All of us once lived among them in the passions of our flesh, following the desires of flesh and senses, and we were by nature children of wrath, like everyone else. But God, who is rich in mercy, out of the great love with which he loved us, even when we were dead through our trespasses, made us alive together with Christ -- by grace you have been saved...so that in the ages to come he might show the immeasurable riches of his grace in kindness toward us.... -- from Ephesians 2:1-9
My youngest son, who is in kindergarten, is getting reading to celebrate his birthday soon. He would like to invite everyone in his class to his party, except one child. This child, whom I will call Tommy, is mean-spirited, and a bit of a bully. I was tempted to let my child not invite Tommy to the party. After all, Tommy has threatened to harm my child. He and my son are sort of enemies.
However, I woke up very early this morning (3 a.m!) thinking of a devotional I had read the night before. I had read, "When you stop and consider all the ways there are for people to go wrong, it's a wonder any of them go right. Yet what young people seek is no different than what any of us seeks. They want to know that they belong, that they matter to someone, that they are loved.... What they need to know is that they are children of God. They do belong. They do matter. They are loved.... Lord, help us see the young people with your eyes and love them with your heart. Amen." (God Pause, for March 11, by Joel Wudel, Pacific Lutheran Theological Seminary).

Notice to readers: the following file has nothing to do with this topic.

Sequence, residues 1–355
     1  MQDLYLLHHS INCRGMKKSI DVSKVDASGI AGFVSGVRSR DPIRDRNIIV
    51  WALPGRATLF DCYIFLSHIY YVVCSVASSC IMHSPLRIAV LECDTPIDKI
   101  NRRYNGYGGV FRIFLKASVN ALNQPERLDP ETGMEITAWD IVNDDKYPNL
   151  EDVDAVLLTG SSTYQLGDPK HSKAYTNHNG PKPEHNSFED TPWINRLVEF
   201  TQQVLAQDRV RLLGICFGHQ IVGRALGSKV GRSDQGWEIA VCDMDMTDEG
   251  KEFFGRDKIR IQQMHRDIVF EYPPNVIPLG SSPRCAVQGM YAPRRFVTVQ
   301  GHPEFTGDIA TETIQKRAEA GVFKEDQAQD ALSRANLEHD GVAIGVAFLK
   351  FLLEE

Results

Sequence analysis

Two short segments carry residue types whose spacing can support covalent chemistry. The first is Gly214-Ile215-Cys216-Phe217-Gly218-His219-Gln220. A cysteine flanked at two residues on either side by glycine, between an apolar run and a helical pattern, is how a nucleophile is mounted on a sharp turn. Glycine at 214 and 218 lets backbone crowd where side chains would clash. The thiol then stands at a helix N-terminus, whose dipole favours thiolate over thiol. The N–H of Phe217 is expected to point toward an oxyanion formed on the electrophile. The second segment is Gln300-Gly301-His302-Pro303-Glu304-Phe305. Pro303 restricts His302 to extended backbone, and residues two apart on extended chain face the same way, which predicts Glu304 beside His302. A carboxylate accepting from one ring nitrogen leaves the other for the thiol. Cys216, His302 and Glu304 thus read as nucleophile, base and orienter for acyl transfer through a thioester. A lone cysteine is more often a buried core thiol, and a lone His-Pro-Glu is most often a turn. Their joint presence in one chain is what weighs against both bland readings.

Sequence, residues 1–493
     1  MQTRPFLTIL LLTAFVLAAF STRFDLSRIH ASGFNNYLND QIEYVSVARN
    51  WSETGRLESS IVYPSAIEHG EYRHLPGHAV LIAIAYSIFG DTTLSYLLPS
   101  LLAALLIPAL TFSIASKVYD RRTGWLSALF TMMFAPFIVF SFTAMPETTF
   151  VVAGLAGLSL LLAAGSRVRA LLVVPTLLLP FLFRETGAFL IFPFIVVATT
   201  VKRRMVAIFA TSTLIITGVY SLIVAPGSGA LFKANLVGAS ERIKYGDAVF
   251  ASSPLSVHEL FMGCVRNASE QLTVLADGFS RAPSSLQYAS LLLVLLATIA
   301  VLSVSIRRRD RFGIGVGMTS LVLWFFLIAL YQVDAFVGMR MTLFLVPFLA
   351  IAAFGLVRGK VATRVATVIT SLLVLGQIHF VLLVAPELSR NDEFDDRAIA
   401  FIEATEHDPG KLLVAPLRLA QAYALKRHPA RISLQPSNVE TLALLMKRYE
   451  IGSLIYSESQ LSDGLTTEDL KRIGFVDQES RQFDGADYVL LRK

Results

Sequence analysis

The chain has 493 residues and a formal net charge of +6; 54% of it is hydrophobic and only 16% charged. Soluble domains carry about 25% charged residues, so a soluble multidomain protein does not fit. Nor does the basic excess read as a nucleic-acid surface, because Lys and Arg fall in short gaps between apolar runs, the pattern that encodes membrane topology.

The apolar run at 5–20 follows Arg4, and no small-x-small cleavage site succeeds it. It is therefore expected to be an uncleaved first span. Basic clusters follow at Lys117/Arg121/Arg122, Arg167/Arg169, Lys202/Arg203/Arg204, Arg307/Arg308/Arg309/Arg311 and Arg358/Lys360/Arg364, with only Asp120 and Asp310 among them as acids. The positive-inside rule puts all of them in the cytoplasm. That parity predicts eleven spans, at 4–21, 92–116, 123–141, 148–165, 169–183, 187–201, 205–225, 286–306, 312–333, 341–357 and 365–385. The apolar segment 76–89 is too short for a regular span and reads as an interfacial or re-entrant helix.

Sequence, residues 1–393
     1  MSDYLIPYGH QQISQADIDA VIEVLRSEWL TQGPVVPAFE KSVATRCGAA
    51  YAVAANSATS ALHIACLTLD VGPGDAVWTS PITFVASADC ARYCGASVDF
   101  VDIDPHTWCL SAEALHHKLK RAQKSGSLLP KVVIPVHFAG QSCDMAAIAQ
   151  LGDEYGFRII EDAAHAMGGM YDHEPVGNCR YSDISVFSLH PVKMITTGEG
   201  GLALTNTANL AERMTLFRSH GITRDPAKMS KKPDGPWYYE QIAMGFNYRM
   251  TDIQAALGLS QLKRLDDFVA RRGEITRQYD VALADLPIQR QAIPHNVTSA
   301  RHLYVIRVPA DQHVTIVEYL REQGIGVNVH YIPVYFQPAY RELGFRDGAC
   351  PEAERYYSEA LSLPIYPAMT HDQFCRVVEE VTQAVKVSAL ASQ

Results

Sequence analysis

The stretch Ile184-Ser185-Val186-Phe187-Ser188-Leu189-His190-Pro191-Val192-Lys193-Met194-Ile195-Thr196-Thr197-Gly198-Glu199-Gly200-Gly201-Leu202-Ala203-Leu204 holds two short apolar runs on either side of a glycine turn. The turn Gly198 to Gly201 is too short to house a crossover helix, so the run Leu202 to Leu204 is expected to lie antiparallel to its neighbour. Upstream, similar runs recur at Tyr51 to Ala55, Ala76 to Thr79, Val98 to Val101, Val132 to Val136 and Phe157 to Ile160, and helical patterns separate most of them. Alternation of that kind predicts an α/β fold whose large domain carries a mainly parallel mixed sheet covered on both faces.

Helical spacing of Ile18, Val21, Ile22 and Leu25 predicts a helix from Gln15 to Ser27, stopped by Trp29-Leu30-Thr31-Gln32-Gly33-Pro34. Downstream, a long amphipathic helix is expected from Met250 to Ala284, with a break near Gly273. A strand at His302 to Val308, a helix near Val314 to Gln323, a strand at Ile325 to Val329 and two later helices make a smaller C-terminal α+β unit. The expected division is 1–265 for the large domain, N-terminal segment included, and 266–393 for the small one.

I had just written a post yesterday, too, that reflected a bit on loving one's enemies. In it, I wrote that the kind of people I find most difficult are those who exclude others from the Kingdom of God. Yet, what was I about to teach my child? That it's okay to exclude people, especially if they are mean. Thank you, God, for the wake-up call!
Why did Jesus say, "Love your enemies"? I think it is because only love breaks down hate. Love alone has the power to make enemies into friends.
God loves us despite the fact that we sometimes do bad things, and that we sometimes act against him. I know I often go wrong. My own behavior is not always so good. Yet God continues to love me. God offers me love continuously. He does not withhold his love until I say I am sorry. He forgives me already. He gives his love freely, so that he may be glorified and worshiped. And, "so that none may boast."
God doesn't exclude anyone from this love. We alone keep ourselves from God. We distance ourselves from God when we doubt his loving presence in our lives, when we let our fears of the unknown sway us, when we think only of our own desires, or when we think we don't need God. Nothing physical keeps us from God's grace. The only barriers to God's grace are in our minds.
God gives us the freedom to deny him or to choose him. He gives us the freedom to deny love or to choose love. And he longs for us to make the right choice. God is steadfast in his love, even when we are not. He waits patiently with love and longing because he wants us to know what true love is all about. He wants us to know the "immeasurable riches of his grace."
Dear God, thank you for these insights into your grace -- I am humbled. And thank you for waking me up early enough so that I would have time to think things through before the children wake up, and for arranging a way for me to take a nice long nap in the middle of the day! Love always, Pam.